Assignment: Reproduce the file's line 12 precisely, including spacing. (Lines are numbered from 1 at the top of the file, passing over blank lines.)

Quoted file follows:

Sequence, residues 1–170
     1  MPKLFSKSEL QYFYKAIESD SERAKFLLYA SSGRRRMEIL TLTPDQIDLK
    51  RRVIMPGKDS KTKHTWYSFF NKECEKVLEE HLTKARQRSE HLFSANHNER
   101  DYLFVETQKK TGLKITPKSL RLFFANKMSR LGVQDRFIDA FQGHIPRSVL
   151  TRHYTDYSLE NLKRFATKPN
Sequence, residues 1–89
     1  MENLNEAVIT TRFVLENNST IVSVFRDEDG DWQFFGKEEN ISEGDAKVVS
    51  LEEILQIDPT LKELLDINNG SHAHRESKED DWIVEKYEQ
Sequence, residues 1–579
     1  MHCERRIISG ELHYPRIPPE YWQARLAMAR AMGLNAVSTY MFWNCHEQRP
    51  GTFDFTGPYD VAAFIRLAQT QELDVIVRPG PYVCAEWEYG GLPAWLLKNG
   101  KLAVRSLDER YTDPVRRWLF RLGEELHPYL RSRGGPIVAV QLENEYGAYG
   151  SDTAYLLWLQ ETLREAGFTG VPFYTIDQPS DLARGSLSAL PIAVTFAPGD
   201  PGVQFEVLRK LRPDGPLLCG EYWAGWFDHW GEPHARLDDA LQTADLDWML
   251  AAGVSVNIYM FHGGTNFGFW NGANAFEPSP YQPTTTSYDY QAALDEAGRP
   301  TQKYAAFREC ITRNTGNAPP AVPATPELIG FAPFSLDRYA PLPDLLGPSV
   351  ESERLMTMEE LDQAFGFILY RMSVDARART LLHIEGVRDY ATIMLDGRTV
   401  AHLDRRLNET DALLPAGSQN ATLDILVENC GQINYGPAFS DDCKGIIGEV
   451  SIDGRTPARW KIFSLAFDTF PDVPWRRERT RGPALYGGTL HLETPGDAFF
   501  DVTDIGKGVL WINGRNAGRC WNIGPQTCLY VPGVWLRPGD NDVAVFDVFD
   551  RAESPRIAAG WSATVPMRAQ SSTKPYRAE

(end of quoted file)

   101  KLAVRSLDER YTDPVRRWLF RLGEELHPYL RSRGGPIVAV QLENEYGAYG